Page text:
Aubrey Ireland is an accomplished 21-year-old student attending the College-Conservatory of Music. And now, thanks to a court in Cincinnati, she’s the girl with a restraining order against her helicopter parents. While I can totally understand why Ireland needed a little space from her over-zealous parents, I can also see why it’s so hard for adults to loosen the reins when their kids head to college.
Aubrey’s parents are a new breed of over-protective that’s been gaining prominence for a decade. They frequently drive six hours to pop in for unexpected visits on their daughter. They worry that their adorable little girl is doing drugs and getting wild while she’s away at school. They even attempt to speak to their daughter’s teachers and make sure that her academics are up to snuff.
Now, the Irelands seem to take this idea above and beyond. They warned teachers that their daughter has a mental illness. Which she doesn’t. They installed keylogging software on her computer and cell phone to keep tabs on her social life. They got so intense that their daughter decided to cut off all ties with her parents, to which they responded by refusing to pay her tuition. Admittedly, this whole thing got intense. Now Aubrey’s school is giving her a scholarship for her last year of school and her parents can’t even attend her recitals.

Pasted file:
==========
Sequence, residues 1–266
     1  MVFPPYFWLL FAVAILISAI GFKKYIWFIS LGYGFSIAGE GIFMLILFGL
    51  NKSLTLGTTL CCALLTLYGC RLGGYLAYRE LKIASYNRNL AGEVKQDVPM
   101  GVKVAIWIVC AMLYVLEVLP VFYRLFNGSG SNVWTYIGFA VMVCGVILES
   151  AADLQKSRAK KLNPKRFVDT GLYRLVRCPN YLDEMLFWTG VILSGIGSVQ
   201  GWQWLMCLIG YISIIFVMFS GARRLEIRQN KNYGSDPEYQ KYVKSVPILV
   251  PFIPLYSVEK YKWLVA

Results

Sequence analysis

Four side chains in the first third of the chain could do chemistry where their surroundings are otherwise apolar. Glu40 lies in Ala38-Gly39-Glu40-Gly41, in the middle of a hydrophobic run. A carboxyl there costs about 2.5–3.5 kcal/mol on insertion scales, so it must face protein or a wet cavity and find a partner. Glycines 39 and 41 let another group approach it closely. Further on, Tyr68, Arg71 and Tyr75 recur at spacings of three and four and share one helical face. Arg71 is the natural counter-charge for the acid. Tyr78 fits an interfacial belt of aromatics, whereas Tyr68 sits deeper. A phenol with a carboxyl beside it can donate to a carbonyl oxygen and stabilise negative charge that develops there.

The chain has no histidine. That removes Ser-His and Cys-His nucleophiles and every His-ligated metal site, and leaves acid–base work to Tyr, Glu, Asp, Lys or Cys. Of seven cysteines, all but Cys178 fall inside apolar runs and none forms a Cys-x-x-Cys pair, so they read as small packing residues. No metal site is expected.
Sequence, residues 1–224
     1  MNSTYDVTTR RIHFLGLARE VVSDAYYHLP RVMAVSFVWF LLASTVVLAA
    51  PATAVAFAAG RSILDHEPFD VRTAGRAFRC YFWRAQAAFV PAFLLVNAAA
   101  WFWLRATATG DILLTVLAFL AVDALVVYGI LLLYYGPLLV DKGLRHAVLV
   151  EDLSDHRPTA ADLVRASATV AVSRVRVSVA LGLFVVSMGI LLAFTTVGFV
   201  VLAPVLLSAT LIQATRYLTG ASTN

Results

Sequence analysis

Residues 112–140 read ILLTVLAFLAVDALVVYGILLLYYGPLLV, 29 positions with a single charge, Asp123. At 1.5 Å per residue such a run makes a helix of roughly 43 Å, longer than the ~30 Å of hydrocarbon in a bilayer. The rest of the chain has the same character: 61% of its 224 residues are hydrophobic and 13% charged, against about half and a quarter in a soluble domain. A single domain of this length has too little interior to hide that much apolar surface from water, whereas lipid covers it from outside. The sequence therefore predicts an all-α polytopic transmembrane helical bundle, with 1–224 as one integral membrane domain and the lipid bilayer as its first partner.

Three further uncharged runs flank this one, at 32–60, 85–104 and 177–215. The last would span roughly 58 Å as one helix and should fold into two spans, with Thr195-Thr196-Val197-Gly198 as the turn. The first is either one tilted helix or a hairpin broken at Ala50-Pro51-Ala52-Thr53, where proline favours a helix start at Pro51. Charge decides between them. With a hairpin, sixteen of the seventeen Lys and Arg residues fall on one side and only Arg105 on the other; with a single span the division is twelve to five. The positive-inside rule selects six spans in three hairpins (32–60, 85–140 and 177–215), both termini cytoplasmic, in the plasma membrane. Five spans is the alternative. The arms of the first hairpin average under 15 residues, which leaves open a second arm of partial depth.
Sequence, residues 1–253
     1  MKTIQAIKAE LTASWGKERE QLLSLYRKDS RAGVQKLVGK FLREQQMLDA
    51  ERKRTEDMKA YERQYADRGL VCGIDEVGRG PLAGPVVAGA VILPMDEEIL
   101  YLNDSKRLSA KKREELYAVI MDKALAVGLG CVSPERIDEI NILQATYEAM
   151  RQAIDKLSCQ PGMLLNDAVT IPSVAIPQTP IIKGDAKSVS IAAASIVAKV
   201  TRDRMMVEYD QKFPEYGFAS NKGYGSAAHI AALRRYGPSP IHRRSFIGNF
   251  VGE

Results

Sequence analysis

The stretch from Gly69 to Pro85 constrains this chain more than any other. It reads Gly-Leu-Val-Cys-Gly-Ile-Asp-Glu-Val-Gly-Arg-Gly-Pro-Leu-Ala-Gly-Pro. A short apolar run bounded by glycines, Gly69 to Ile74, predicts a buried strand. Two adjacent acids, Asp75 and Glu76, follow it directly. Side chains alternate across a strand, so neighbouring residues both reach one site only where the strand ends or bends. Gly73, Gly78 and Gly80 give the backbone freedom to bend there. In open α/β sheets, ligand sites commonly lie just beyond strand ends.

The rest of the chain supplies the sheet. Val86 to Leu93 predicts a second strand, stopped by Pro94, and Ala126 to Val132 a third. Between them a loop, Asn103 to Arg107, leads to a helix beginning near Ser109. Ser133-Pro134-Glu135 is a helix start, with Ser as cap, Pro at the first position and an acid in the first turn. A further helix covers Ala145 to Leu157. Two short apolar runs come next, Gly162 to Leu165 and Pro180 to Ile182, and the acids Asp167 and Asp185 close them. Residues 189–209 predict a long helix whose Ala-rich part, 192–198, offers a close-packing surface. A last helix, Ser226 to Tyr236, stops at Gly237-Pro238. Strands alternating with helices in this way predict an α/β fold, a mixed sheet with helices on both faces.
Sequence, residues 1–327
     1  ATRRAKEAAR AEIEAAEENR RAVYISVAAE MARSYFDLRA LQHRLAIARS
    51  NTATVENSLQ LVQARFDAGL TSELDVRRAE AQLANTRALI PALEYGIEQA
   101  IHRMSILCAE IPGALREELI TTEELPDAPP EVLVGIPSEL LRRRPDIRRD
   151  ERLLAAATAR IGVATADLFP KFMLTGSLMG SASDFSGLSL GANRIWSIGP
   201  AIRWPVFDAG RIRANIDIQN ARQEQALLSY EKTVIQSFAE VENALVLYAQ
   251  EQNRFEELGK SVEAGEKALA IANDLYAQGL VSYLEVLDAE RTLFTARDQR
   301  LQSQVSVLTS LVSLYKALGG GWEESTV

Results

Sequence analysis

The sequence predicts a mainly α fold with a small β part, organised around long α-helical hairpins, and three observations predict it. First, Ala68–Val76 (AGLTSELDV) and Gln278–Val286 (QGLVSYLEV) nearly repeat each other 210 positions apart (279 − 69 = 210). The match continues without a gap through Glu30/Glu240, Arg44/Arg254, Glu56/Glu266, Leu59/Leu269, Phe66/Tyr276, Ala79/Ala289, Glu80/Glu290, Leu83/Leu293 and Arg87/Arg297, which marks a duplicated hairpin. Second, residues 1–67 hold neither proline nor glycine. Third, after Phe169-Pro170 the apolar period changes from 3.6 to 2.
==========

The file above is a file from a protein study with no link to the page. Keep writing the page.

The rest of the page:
But dial it back just a bit, and I have serious sympathy for a couple of parents who are paying $30,000 a year to put their child through school two states away and just can’t help but worry about how things are going.
Parents save for decades. They deny themselves vacations. They skimp on retirement savings. And they do it all just to make sure that their children can go to college. Forget owning a home, making sure your offspring gets to a university is the new American dream. The yearly cost is pretty much equivalent to a down payment on a new home. And you have to pay it four years in a row.
Then, due to the intense pressure to succeed in college and take unpaid internships to get ahead in your field, parents are still footing the bill for living expenses. They’re sending monthly allowances. They’re adding points to the meal plan.
Higher education for your children is a huge investment. And like most investors, some parents just have a hard time stepping back. They want to make sure that students are making good use of their funds. They want to ensure that all that hard-earned financial support isn’t wasted. Add in the natural concern that parents have for their children in general, and how hard it is to say goodbye to them at all, and you’ve got a recipe for a whole lot of stalking like what happened to Aubrey Ireland.
I’m not saying that Aubrey was wrong to cut ties with her parents. They went too far. They started to lie and manipulate. Their fears took over their common sense. That being said, there’s a small part of my brain that sympathizes with those parents. And that part is a little terrified that I might go overboard myself one day, when I send my daughter off to a college a couple states away.